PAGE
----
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$G$ is a group and $H$ is a subgroup of $G$ such that $\forall a, b$ in $G, ab\in H\implies ba\in H$. Show that $H$ is normal in $G$

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Replace the symbol $b$ by $a^{-1}b$. –  Kevin Oct 14 '11 at 18:06

3 Answers 3

up vote 11 down vote accepted

Your goal is to show $xH=Hx$ for all $x\in G$ so you should show set containment both ways.

Suppose $y \in xH$. This means that there exists some $h \in H$ such that $y=xh$. Notice that $x^{-1}y=h \in H$. Now invoke your hypothesis. I'll let you finish from there.

Do be careful though. If $ab=h_1 \in H$, then you know $ba \in H$. This does not mean $ba=h_1$ but just that $ba$ is some element of $H$ (it could be a different element).

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thanks a ton... :) –  AdityaGhosh Oct 15 '11 at 7:26

Let $G$ be a group, and let $H$ be a subgroup. In analogy to the definition of congruence for integers, $a\equiv b\pmod{m}$ if and only if $m|a-b$, if and only if $a-b\in\langle m\rangle$, define:

  • $a$ is congruent on the left modulo $H$ to $b$, $a\mathrel{{}_H{\equiv}} b$, if and only if $a^{-1}b\in H$.
  • $a$ is congruent on the right modulo $H$ to $b$, $a\mathrel{\equiv_H} b$, if and only if $ab^{-1}\in H$.

Proposition. Both $\mathrel{\equiv_H}$ and $\mathrel{{}_H{\equiv}}$ are equivalence relations on $G$.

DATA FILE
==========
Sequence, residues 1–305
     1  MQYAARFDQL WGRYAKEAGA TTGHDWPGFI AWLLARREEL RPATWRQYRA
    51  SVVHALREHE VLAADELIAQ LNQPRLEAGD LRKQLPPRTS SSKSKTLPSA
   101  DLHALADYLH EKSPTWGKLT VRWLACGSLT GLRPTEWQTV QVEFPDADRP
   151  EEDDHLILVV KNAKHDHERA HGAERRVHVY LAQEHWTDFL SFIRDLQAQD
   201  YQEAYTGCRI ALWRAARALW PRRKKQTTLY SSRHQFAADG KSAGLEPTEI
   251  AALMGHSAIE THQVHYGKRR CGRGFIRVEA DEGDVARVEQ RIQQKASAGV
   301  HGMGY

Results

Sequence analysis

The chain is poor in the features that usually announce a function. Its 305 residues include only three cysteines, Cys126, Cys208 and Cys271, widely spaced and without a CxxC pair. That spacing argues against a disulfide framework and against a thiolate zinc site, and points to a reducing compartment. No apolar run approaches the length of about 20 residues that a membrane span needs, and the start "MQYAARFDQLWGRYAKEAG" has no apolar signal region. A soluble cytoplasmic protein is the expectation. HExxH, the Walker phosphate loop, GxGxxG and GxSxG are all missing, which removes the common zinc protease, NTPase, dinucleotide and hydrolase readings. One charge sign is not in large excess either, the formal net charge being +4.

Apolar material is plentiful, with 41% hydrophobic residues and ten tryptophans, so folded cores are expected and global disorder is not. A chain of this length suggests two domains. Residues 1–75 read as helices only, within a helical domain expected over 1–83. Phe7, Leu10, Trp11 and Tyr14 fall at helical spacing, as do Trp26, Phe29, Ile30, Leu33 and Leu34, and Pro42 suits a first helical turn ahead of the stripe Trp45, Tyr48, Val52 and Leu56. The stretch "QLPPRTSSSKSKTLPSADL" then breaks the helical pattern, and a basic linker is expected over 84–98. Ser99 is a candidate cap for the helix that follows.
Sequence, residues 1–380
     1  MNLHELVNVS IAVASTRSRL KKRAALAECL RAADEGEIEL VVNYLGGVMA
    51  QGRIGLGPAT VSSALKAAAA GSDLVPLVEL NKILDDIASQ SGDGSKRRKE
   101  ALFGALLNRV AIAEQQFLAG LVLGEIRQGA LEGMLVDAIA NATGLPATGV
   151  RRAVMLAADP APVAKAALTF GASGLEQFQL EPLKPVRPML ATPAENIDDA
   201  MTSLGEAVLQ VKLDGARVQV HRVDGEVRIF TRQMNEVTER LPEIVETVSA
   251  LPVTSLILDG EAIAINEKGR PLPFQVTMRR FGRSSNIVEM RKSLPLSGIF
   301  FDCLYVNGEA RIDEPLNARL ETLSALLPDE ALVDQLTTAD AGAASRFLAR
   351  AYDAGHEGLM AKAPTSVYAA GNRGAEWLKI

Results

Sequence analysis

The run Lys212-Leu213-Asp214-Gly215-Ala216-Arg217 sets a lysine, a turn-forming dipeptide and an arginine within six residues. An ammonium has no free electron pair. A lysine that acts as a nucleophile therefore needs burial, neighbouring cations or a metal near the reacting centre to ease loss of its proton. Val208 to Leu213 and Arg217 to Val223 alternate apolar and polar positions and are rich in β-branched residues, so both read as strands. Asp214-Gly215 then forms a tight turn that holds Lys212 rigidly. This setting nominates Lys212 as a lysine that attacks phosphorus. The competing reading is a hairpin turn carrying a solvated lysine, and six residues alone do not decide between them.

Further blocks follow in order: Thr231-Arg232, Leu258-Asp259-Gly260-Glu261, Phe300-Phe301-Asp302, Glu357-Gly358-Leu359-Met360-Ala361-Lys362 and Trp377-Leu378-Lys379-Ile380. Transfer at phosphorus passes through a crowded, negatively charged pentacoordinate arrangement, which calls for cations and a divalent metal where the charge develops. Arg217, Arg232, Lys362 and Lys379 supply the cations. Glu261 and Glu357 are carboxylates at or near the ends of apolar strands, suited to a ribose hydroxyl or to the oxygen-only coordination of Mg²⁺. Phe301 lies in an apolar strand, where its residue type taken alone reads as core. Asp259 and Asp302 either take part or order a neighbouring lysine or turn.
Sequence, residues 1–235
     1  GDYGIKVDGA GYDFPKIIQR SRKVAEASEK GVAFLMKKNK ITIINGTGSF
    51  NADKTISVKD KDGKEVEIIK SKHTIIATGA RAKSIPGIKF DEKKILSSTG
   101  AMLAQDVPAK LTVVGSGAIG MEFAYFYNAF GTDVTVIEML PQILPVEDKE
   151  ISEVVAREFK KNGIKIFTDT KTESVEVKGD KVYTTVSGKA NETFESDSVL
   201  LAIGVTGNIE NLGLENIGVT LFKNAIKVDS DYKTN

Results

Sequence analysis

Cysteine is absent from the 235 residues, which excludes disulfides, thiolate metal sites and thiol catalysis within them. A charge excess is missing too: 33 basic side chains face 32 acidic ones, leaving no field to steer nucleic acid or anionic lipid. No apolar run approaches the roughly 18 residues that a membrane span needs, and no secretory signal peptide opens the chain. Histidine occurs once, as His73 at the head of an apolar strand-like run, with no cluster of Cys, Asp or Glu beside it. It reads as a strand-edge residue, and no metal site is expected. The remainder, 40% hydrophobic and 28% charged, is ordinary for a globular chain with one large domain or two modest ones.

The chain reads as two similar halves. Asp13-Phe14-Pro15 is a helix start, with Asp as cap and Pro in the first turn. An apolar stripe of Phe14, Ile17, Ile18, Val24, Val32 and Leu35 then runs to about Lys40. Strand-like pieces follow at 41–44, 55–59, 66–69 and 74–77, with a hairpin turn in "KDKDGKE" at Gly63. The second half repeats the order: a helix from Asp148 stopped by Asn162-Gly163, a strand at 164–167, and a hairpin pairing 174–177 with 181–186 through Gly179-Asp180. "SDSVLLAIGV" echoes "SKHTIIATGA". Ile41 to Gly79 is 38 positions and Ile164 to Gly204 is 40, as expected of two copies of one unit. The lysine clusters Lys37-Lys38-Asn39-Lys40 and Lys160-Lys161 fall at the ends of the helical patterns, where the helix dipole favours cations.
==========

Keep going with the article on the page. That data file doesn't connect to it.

Theorem. Let $G$ be a group, and let $H$ be a subgroup of $G$. The following are equivalent:

  1. For all $a\in G$ there exists $b\in G$ such that $aH=Hb$; that is, every left coset of $H$ is also a right coset of $H$.
  2. For all $a\in G$, $aH = Ha$.
  3. For all $a\in G$, $a^{-1}Ha=H$.
  4. For all $a\in G$, $a^{-1}Ha\subseteq H$.
  5. For all $a,b\in G$, $a\mathrel{\equiv_H}b$ if and only if $a\mathrel{{}_H{\equiv}} b$; that is, congruence on the left modulo $H$ and congruence on the right modulo $H$ are the same equivalence relation on $G$.
  6. If $aH=bH$ and $xH=yH$, then $axH=byH$ (multiplication of left cosets is well-defined).
  7. If $Ha = Hb$ and $Hx = Hy$, then $Hab = Hxy$ (multiplication of right cosets is well-defined).

If you prove this theorem (you may want to; it's a good exercise and it gives you other ways of checking that a group is normal) then condition 5 gives you the result: $$\begin{align*} a\mathrel{{}_H{\equiv}} b &\iff a^{-1}b\in H\\ &\iff ba^{-1}\in H\\ &\iff b\mathrel{\equiv_H} a\\ &\iff a\mathrel{\equiv_H} b \end{align*} $$

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I took the liberty of fiddling around with your LaTeX a bit. I replaced \equiv_H by \mathrel{\equiv_H} and {}_H\equiv by \mathrel{{}_H{\equiv}}. I think the spacing looks a bit better this way, at least it does on my machine. Feel free to roll back if you don't like it. –  t.b. Oct 15 '11 at 19:51
    
@t.b.: Thank you for taking the time. It can't hurt, so there's no problem as far as I'm concerned. –  Arturo Magidin Oct 15 '11 at 20:19

Choose $x\in G$ and $h\in H.$ Let $a=x^{-1}.$

Suppose $ha=b.$

Then $ba^{-1}=h$

$\implies a^{-1}b=h_1$ for some $h_1\in H$ (by the given condition)

$\implies b=ah_1$

$\implies ha=ah_1$

$\implies a^{-1}ha=h_1\in H$

$\implies xhx^{-1}\in H.$

Consequently $H\triangleleft G.$

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